Neuroscience, kindness and compassion – doing something good for your own brain

Seeing someone else in pain or suffering can be very difficult. For many, we experience a sympathetic sense of the pain and suffering within ourselves and it can almost seem healthier to harden the heart and avoid taking it in. The trouble is, that can lead to guilt or feeling dissociated or disconnected and that is not very satisfying either.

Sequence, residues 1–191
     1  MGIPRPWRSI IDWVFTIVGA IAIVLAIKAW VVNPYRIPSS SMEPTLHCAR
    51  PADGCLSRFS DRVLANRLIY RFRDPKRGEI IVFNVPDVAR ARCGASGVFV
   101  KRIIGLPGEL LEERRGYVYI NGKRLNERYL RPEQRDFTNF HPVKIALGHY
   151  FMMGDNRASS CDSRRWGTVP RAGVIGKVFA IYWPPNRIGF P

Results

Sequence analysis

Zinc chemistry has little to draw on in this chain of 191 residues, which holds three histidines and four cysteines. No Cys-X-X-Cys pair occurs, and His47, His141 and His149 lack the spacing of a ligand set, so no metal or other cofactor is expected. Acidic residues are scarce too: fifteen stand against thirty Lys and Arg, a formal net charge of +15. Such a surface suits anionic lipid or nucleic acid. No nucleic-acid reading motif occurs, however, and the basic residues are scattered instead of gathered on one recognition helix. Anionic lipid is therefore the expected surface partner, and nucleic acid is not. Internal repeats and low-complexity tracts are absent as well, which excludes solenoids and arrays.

After compassion training the neural activation was quite different, including the medial orbitofrontal cortex, putamen, palladium, and ventral tegmental area.

The compassion training involved spending one day with a teacher of kindness meditation. The intention was to create a general sense of prosocial feelings, rather than to prepare them for anything specific. Participants continued the meditative practice during three laboratory tested sessions of 45 minutes and privately at home for an average of 5-6 hours.


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